The Sacrament is an appropriate title for a story as self-sacrificing and chilly as the wintry terrains of Iceland in which it is set. Sister Johanna Marie spends her time at a Convent in Lauds attending to her rose garden. Johanna has discovered that the path to truth lies amid the long winding passageways of the soul. Lately, she's been plagued by a dream, a body landing on the turf of snowy ground which inexplicably transforms into the image of her old school principal, Father August Frans: "All I could see was the snow surrounding the dark church, the schoolhouse next to it, the body on the ground."
Johanna receives a handwritten letter regarding a missive to be discussed in person. She contemplates Cardinal Raffin's "silver tongue, his elegant handwriting. His words that hang in the air," telling herself that he no longer holds any power over her. Raffin hands Johanna the letter, and "the mere mention of the word 'Icelandic' knocked me sideways. My heart started to hammer in my chest" as Johanna recalls Unnar Gretarsson.
Time plays tricks on Johanna's mind and her memories are capricious. Throughout the early sections, Olafsson plunges us into Johanna's difficult upbringing. God did not loom large in her childhood home. Born during the last days of the war in a small village near Lyon, Johanna's family were not keen churchgoers; the Bible was only brought out on religious holidays. There was a passive prejudice, a long-simmering discomfort around the issue of sexuality. Johanna confesses that it took her a long time to realize that she was different from other girls.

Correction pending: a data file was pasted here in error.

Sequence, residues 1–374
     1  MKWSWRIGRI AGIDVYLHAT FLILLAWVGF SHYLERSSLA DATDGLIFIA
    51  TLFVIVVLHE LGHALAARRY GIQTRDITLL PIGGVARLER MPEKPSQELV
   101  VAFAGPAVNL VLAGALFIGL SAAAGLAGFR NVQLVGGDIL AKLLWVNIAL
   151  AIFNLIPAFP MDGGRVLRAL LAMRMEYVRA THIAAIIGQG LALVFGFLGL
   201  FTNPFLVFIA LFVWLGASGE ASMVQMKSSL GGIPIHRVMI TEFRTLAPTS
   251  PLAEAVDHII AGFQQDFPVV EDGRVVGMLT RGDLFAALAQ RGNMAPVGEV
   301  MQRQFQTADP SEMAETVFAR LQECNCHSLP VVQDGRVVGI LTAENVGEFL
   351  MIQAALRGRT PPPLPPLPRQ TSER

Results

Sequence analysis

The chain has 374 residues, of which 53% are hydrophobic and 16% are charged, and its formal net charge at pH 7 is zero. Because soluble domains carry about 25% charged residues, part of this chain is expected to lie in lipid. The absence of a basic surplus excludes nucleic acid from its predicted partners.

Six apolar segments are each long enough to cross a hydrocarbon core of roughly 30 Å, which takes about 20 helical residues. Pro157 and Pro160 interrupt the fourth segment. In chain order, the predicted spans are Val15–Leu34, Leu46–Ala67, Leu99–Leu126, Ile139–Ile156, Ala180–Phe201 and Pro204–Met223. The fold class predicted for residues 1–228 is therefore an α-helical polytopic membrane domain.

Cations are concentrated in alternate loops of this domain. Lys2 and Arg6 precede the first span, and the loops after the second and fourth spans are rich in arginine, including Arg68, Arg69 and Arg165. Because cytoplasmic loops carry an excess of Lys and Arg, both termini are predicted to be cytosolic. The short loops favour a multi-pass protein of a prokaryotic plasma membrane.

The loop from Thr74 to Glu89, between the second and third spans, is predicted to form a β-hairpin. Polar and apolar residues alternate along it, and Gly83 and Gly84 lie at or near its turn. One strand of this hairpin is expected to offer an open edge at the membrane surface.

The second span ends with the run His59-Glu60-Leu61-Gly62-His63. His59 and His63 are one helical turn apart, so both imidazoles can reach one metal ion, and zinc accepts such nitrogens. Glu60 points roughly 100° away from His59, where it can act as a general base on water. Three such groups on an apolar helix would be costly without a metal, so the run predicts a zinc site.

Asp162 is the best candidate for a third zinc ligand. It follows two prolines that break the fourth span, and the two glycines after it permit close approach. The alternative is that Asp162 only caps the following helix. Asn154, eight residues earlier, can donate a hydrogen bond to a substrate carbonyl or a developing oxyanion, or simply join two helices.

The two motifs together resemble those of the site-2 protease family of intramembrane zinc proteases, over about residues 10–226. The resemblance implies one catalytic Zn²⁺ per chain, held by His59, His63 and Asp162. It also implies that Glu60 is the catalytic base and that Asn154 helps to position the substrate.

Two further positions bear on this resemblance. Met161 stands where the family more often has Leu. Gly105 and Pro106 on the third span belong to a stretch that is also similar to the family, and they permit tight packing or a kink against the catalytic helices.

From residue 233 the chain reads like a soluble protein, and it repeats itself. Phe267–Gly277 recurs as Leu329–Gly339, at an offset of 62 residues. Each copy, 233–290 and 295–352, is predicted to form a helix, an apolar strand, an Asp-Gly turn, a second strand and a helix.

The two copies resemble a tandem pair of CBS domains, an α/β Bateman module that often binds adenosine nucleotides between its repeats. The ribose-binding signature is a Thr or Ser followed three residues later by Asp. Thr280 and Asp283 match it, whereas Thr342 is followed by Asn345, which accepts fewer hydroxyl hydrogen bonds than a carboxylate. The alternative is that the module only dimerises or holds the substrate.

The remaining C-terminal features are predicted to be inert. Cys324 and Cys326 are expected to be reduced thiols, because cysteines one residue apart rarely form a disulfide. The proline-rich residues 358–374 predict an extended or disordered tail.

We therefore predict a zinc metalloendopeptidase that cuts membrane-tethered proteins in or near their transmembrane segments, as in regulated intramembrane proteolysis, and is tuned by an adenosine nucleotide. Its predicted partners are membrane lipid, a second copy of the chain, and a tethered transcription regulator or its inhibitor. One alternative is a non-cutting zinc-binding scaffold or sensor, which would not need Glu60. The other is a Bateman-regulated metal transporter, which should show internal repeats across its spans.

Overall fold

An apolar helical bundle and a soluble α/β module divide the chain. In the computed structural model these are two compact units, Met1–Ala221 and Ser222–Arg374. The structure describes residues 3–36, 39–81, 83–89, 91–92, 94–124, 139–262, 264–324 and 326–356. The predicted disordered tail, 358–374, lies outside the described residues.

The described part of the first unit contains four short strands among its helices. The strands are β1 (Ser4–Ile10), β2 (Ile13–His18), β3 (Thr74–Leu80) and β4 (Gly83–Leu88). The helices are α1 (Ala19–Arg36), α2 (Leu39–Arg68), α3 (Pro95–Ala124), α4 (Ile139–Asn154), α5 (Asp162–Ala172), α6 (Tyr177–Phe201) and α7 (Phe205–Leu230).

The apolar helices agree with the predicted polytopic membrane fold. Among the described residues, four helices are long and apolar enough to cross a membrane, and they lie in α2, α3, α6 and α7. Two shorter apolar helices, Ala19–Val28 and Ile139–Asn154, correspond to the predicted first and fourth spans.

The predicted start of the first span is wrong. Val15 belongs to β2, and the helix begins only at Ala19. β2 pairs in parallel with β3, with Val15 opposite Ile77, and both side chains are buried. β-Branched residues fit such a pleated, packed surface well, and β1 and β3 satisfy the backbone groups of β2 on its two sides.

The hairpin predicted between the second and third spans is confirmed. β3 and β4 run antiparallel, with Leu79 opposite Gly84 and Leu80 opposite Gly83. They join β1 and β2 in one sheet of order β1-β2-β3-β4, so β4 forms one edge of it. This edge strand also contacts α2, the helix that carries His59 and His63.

Though the later scenes are in Reykjavik, the focus is on the mystery of what really happened to Father August Frans. Was it suicide, or was it murder? Olafsson delicately blends Johanna's haunted thoughts as she's forced to confront her past, the gorgeous summers in 1965 when she first arrived in Paris to take up her place at the Sorbonne. The image is one of hope and love, tolerance and forgiveness, beauty and temperance.
Halla appears to Johanna as a vision of joy, "of beauty incarnate." Her offer to teach Johanna Icelandic becomes prophetic after Johanna is tasked with travelling to Iceland to follow the report, the 18 typewritten pages that will eventually reveal Father August Fran's long-buried secrets, how "he had silenced the boys and their parents, just as he had the church bells." There has to be an explanation hidden somewhere, no matter how confusing and ambiguous. In a "pull-off" outside a small town in Iceland, Johanna discovers that her entire life has been cruelly built upon a misunderstanding.
Where does friendship end and recklessness begin? Are our duties toward our brothers and sisters or toward our own conscience? Olafsson imbues Johanna with an unassailable humanity. Her dilemma is that she ends up no longer sure of herself. This is when Johanna starts to doubt the truth of the letter that has set everything in motion. While the mystery anchors the novel, the focus is Johanna's inner life. This complicated, devout and sometimes overly-passive woman aches to choose happiness over the protocols of her time.